The Bears offensive line is one of the highlights of their squad and a reason for their success. Pre-season All-American left tackle Dan McClutchy leads a veteran group that is bookmarked on the other side by all-Ivy tackle Shelton Magee.

Advantage: Brown

Defensive Line:

Dartmouth's defensive line will challenge Brown's offensive line in what could be a snowy battle in the trenches. The Big Green has been effective in getting heavy pressure on opposing quarterbacks, which will be necessary to disrupt Brown's run-and-shoot attack. Furthermore, the line needs to stop the run first so the defense can concentrate on stopping Perry and Morey.

The Bears are sixth in rushing defense, a mirror image of Dartmouth's sixth-ranked rushing attack. The Bears must give up less than the 150 yards a game they have given up all season, a tough task on the road with a young defensive front that was punished by Harvard last week.

Advantage: Dartmouth


It seems like every week, Zach Walz '98 does something to add to his highlight footage. Last week, it was on pass defense as Walz tipped a Columbia pass to Brad Verber '99 to end the Lions last offensive threat and preserve the Big Green victory. Walz and Jon Gibbs '99 are the team's top-two tacklers, and should spend most of the afternoon trying to contain Perry. Steve Varney '00 played the best game of his career last week splitting time with Dan Liebsch '98.Joe Karcutskie leads a young Brown linebacking corps that will bear the brunt of the defensive work for the Bears on Saturday behind the inexperienced front. Expect Brown to blitz the linebackers in an attempt to force Sellers into bad decisions.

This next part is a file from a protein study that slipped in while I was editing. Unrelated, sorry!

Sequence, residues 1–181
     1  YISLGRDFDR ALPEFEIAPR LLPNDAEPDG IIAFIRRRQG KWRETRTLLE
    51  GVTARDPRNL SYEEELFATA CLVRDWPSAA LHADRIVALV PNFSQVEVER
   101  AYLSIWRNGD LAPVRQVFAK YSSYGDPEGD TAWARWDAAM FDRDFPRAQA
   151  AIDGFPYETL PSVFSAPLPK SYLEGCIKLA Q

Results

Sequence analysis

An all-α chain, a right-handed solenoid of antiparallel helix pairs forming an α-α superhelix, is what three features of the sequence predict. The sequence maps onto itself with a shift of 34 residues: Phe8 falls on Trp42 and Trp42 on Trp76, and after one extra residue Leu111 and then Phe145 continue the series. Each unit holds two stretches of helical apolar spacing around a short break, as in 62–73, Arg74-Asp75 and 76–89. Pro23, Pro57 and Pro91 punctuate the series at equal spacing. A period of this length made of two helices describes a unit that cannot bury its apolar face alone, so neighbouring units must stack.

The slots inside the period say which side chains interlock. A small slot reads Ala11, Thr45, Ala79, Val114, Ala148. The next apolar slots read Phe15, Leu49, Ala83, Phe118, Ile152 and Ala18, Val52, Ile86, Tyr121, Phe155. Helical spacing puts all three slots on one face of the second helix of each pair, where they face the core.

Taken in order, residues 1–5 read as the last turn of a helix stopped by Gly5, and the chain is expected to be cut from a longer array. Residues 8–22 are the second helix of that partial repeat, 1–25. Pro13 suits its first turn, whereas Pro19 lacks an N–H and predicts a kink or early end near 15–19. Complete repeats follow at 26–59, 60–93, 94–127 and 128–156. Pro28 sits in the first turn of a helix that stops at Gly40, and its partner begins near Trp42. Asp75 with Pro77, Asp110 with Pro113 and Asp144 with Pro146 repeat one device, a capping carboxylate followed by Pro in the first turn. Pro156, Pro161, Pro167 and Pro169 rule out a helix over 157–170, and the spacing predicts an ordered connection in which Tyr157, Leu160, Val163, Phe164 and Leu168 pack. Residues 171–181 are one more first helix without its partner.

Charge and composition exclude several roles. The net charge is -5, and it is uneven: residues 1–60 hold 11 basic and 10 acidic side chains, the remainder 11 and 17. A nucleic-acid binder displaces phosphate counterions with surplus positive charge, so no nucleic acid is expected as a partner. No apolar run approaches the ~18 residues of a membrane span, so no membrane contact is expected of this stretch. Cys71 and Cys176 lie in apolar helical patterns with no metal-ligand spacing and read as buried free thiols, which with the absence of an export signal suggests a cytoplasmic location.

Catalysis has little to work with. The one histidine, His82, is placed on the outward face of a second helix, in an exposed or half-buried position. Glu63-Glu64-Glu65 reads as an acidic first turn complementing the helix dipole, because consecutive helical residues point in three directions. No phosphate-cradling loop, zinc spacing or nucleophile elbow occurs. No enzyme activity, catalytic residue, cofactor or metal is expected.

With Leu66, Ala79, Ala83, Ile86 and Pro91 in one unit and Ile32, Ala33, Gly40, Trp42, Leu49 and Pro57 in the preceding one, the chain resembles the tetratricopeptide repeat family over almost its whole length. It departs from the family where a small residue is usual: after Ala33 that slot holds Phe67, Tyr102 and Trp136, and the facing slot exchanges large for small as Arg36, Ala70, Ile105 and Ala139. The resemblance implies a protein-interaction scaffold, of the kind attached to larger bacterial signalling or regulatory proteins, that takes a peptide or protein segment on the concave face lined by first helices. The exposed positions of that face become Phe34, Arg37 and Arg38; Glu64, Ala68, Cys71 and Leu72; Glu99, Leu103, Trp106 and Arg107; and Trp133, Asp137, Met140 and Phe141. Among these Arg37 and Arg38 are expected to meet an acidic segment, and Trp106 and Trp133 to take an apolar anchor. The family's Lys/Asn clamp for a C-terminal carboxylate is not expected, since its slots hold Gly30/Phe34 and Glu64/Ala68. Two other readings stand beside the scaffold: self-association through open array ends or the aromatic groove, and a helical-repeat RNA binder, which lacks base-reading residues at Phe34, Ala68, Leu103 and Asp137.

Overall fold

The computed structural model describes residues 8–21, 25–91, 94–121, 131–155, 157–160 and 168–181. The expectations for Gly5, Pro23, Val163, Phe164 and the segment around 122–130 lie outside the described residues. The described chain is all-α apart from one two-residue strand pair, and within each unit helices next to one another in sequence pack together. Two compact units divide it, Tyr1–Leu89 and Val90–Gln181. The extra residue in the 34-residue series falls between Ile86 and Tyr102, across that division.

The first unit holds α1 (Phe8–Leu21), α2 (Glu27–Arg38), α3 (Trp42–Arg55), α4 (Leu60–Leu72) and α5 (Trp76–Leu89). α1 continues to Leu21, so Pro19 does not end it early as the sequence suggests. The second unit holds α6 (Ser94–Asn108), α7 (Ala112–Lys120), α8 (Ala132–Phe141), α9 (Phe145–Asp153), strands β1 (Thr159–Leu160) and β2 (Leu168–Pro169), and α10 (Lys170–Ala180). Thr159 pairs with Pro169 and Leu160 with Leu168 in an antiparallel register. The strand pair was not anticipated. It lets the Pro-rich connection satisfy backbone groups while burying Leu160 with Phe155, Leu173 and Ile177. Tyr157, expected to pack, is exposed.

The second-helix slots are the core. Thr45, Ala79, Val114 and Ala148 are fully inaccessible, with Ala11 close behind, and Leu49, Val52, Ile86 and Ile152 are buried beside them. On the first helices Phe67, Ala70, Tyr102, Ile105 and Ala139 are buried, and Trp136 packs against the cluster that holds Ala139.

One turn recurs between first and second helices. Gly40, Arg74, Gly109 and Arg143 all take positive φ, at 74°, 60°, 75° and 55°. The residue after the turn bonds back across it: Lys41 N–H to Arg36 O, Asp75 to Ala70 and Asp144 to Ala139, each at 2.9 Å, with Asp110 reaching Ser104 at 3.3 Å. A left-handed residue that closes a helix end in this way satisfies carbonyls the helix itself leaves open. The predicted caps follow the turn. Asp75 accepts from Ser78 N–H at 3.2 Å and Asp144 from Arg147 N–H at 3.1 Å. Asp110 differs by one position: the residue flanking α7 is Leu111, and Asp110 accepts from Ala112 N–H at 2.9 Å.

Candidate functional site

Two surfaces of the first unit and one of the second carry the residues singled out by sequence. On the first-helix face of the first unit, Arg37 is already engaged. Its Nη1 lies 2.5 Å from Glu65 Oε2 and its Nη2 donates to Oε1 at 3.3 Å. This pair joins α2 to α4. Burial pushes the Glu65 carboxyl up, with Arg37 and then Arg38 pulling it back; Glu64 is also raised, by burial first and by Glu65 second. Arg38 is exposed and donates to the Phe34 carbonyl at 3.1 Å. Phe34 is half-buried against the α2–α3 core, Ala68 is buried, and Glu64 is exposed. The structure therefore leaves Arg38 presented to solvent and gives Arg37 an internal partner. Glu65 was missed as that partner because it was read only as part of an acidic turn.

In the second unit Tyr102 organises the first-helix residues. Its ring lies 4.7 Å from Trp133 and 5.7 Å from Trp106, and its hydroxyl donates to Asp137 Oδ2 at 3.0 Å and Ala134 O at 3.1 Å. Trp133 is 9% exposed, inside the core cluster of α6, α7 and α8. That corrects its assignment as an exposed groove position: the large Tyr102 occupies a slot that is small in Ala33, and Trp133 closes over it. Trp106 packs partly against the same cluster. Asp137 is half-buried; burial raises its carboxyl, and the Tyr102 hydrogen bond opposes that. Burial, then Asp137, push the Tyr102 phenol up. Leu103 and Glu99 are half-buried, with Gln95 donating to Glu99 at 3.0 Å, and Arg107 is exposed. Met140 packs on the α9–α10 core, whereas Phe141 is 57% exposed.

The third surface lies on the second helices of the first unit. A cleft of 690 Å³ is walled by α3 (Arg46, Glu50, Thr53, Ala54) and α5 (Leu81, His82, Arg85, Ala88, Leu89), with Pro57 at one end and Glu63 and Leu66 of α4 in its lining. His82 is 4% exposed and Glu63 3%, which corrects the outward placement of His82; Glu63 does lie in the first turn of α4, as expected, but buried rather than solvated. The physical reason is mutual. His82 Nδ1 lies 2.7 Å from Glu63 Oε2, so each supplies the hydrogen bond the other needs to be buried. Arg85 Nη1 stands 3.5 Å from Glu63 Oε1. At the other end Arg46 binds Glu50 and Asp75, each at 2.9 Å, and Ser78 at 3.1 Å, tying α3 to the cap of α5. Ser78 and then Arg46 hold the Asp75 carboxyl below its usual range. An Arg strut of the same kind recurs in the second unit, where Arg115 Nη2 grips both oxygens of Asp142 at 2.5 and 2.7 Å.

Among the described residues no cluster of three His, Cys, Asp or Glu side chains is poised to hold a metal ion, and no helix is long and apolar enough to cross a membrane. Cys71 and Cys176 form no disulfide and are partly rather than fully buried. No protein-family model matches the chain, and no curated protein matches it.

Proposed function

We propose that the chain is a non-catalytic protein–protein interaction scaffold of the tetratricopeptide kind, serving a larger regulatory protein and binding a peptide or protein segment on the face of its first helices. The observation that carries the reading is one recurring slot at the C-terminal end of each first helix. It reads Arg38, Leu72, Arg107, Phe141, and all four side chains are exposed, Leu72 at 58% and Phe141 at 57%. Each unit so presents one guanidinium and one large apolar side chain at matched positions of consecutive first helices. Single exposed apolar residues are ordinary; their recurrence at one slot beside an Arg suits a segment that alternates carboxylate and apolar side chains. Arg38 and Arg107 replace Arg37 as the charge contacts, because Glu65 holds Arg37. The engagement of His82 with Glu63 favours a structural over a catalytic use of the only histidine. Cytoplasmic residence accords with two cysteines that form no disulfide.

Advantage: Dartmouth


Lloyd Lee '98 and company will be put to the test by Brown's aerial assault. While the secondary will undoubtedly give up a lot of yards, the focus will be on not giving up the big play and keeping the Bears out of the endzone. The cornerbacks must contain Morey and keep him under 150 yards, but need to pay attention to the rest of the strong receiving corps.

Brown leads the league in pass defense efficiency and boasts two of the top defensive backs in the league, who have combined for 15 interceptions on the season. However, strong safety Roderic Parson, who owns eight interceptions, may not play because of an injury.

Advantage: Brown

Special Teams:

Dave Regula '98 broke the school-record last weekend by connecting on his 36th career field goal. However, Regula has been just part of an effective unit that boasts the league's top punter and top return units. In the games the special teams has performed well, Dartmouth has won.

Brown beat Fordham on the strength of back-to-back blocked punts returned for touchdowns. While their place-kicking has been average, their return game is almost as strong as Dartmouth's. The Big Green need to keep Brown's returnmen from big gains to force the Bears offense to go the length of the field.

Advantage: Dartmouth


Dartmouth is faced with a must-win situation, sitting in second-place in the Ivy League. The predicted snow should help their cause by slowing the Bears down. There is no room for error for the Big Green. Also, Dartmouth knows that Harvard faces their last real test in Penn.

Brown will obviously be trying to avenge last year's heartbreaking 27-24 defeat in Providence that cost them the title. Dartmouth vowed to avenge their title elimination by Princeton two years ago and defeated the Tigers 24-0 in their next contest. However, they have struggled in recent weeks and may be losing early season focus.

Advantage: Dartmouth


Can Dartmouth run the football to win the game? Good games by Karczewski and Belhomme and minimal turnovers will help keep Brown's offense off of the field. Dartmouth can't compete in a shootout with the Bears, they are outmanned at every offensive position. Rather, ball control and strong defense are the keys for Dartmouth. Unless Dartmouth holds the ball for 37 minutes or more, they lose this football game. Even if they do hold it for that long, the Big Green defense must step up to keep this game close and keep Harvard within range.

Final Score: Brown 20, Big Green 14